ILS breaks records in Q1, investors “reloaded & ready” for June 1st: WTWS


Insurance-linked securities (ILS) activity was up significantly year-on-year in the first-quarter of 2018, as catastrophe bond issues accelerated and investor appetite remained strong, following the impacts of major catastrophes in 2017. This puts the market in a strong position for the mid-year renewals, as it is now reloaded and ready to go, according to Willis Towers Watson Securities.

In the firms latest quarter ILS and catastrophe bond market report, Willis Towers Watson Securities (WTWS) notes that, “Far from recoiling from loss events in 2017, ILS investors are reloaded and ready for the 1 June 2018 Florida renewals.”

WTWS recorded $3.1 billion of underwritten, broadly distributed non-life ILS capacity issued through twelve catastrophe bonds transactions, up significantly on the $1.7 billion through five bonds in the same quarter of 2017.

That’s lower than the $4.24 billion of new risk capital brought to market through 17 deals that we at Artemis recorded, including private syndicated transactions, life related risks and other perils.

However it was a record quarter, on both sets of numbers, reflecting the ability of the ILS sector to bounce back from its largest ever losses and trade forwards effectively, to provide continuity in reinsurance and retrocession coverage to ceding companies.

WTWS reports the outstanding non-life cat bond market as reaching $26.6 billion by the end of the quarter, representing $1.1 billion of growth and a new record high.

Again, this is below the $32.83 billion and almost $1.8 billion of growth that we at Artemis recorded, across all of the catastrophe bond and syndicated ILS transactions we track in our Deal Directory.

WTWS notes that the majority of the cat bond deals it tracked in the quarter were market-diversifying transactions, including the first-time issuances from the Chilean, Colombian, and Peruvian governments, as well as repeat transactions from regular Japanese cedants Zenkyoren, Mitsui Sumitomo Insurance, and Tokio Marine & Nichido Fire.

Noteworthy is the fact that because of this diversifying issuance, WTWS reports that just 63% of outstanding capacity is now exposed to U.S. Wind, which it says is the lowest in the last ten years.

In fact this trend has been developing in recent years, as the volume of diversifiers in the marketplace has increased significantly recently. It’s a trend that’s expected to continue as well, as more types of perils are placed with ILS investors. You can track the mix of perils in the market in one of our charts.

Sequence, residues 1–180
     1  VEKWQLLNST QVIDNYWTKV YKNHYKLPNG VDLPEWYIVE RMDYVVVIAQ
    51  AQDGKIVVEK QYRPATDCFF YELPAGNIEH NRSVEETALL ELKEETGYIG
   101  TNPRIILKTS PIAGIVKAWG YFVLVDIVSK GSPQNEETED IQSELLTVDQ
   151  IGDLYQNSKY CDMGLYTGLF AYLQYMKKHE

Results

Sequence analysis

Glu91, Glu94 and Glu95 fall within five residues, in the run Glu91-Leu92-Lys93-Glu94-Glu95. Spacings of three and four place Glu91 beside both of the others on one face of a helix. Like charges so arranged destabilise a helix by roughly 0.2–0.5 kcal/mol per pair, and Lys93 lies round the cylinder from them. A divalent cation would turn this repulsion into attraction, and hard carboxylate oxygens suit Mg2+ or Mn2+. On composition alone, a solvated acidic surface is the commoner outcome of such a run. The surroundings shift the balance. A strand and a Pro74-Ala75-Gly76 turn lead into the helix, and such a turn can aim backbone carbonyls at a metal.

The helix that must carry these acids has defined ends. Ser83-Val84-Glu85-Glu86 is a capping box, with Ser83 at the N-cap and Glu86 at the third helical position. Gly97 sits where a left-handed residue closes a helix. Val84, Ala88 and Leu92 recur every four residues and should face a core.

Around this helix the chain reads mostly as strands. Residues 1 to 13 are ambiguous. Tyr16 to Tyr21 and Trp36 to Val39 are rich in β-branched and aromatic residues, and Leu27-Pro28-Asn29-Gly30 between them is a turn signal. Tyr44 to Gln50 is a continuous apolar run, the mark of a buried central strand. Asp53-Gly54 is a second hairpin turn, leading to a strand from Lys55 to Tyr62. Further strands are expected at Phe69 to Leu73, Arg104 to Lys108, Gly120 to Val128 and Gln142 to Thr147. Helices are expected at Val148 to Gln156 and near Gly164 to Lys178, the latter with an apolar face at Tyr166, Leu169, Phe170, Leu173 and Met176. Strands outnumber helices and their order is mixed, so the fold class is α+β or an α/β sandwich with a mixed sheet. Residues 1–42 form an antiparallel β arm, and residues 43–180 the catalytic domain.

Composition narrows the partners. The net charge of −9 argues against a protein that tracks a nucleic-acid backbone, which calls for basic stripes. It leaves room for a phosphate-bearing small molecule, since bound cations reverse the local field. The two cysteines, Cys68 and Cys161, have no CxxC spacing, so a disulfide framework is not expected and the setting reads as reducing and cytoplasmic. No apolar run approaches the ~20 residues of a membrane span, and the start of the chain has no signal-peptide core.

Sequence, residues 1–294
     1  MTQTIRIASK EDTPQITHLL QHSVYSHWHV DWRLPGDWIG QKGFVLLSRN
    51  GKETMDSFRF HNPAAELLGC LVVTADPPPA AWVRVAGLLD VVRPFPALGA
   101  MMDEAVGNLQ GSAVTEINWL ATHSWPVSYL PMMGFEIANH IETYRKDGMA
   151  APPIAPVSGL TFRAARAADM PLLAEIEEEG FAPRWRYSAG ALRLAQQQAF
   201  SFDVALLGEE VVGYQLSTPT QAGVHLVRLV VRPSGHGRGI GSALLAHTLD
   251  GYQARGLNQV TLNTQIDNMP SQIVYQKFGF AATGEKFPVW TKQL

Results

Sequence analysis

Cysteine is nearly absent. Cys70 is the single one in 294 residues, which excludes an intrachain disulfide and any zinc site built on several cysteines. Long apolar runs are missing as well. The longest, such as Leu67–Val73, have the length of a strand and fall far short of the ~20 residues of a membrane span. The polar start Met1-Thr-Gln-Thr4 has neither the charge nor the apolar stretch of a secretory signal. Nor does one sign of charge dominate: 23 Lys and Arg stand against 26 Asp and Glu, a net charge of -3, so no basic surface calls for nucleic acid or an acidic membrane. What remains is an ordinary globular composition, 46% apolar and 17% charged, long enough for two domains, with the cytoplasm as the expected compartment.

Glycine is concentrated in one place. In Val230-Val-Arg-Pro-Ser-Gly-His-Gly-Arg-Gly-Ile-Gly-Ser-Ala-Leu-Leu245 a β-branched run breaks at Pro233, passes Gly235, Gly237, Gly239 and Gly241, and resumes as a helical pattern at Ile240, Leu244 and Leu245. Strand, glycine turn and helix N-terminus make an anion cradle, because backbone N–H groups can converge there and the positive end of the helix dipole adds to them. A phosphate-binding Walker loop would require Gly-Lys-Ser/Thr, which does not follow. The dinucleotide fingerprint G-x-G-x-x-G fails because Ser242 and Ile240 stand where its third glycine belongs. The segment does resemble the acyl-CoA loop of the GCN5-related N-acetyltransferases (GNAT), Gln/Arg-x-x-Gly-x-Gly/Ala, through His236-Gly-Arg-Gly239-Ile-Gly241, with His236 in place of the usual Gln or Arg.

Commenting on the first-quarter ILS and cat bond issuance, William Dubinsky, Managing Director and Head of ILS, said that the growth trend in the insurance-linked securities (ILS) market is expected to continue, noting that it could take a really unusual loss event to dampen investor appetite for reinsurance as an asset class.

“We expect the current trends in ILS growth to continue. Without a true surprise loss, like an ice-storm in Miami, end-investors will continue to allocate capacity to ILS,” Dubinsky explained. “Yield increases under government bonds are expected to be neutral or maybe even slightly positive for issuance and asset growth, and even more importantly, we will continue to see a trend towards true syndication, reducing the power of large leading markets. All this will put the reinsurance market’s traditional pricing cycle on life support.”

The fact the pricing cycle is on life support should come as no surprise, this has been evident for a number of years now. But the fact ILS markets took their losses, came out the other side larger and more influential has now proven this fact beyond doubt.

In fact, WTWS notes that the thesis that ILS investors would exit the market after major losses and when interest rates has been proven wrong, saying that the proponents of such ideas were “talking their books.”

In fact investors were more than prepared to take their losses, as sophisticated institutional investors are aware that they will take losses over time from the type of catastrophe events that hit their TV screens.

Dubinsky said, “Some reinsurers and pundits have told anyone who would listen that rising interest rates would cause ILS to disappear. This has been proved wrong.”

Notably, WTWS says, “The investors were so well prepared that many former investors, not currently active in the sector, looked at reengaging post-event.”

This goes someway to explaining the growing capital base of the ILS market, which now stands at a level approaching $100 billion. We have ILS fund managers controlling roughly $94 billion of ILS assets listed in our directory here.

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